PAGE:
The essentials remain however. Whatever needs to be done needs both a how, and a why. I realized -while wrestling with the current book that I’d sorted out ‘why’ very well – one core character is in love with another, who is disinterested, so, because of the nature of that character, they commit various deceptions and betrayals, to gain a position of power over the disinterested, or at least to kill the person that the object of their desire is interested in. That why drives each of the other whys of all of the other characters… and each of the characters has motives, and acts according to those motives. I have a broad idea of what they’re doing, what the problem is, and what the end point – where all the motives are revealed, is. But really I haven’t sorted out quite the HOW. Now that I know that’s what is wrong, I am working on it.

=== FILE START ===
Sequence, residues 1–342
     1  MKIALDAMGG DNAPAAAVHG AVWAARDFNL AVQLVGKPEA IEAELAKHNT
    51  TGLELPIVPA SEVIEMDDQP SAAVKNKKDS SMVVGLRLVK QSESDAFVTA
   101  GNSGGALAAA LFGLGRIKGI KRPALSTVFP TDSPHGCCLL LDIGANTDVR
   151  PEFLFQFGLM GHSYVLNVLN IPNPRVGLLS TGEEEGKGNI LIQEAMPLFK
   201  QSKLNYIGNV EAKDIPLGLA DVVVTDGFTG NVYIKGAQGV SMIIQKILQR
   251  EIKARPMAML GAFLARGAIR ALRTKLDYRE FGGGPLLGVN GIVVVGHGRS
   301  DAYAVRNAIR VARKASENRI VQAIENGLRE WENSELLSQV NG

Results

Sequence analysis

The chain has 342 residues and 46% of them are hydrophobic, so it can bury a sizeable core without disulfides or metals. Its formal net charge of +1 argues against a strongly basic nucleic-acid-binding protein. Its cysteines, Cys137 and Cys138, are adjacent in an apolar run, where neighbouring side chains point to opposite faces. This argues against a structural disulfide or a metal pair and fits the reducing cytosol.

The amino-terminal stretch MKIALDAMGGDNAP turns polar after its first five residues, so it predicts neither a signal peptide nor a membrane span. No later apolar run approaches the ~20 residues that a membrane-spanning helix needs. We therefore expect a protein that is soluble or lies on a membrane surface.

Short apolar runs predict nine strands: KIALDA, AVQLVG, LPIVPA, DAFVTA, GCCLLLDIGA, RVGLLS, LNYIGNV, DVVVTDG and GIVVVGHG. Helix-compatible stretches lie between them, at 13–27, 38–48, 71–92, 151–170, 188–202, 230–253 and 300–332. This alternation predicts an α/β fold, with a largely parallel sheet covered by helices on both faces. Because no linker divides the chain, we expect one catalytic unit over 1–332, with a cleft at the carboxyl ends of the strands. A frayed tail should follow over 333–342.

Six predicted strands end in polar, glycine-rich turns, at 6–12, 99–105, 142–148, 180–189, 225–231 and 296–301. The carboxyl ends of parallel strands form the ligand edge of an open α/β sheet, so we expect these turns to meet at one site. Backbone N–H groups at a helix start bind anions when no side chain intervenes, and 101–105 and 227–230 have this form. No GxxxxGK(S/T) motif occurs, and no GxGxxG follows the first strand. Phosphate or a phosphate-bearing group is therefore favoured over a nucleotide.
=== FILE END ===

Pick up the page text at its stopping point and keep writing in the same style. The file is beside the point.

So: if you’re stuck… it’s worth actually codifying it for yourself: What is the problem? How are they going to solve it? And why would they solve it that way?
Image Pixabay, Geralt, free for commercial use.
This just made me realize something. The current WIP got going so quickly because the WHY was sitting right there in front of me. That made the HOW impossible to ignore.
Up until last night I was stuck on where to go past Act II. I know where the problems of Act I lead to the rising action of Act II. But I was stuck on an initial premise that, while it was good enough for the first bit, absolutely fell apart in the second. The goal was not what I thought it was, that goal was sort of a necessary prerequisite for the actual goal. Which is a lot bigger. And I can’t get away from it without breaking the story.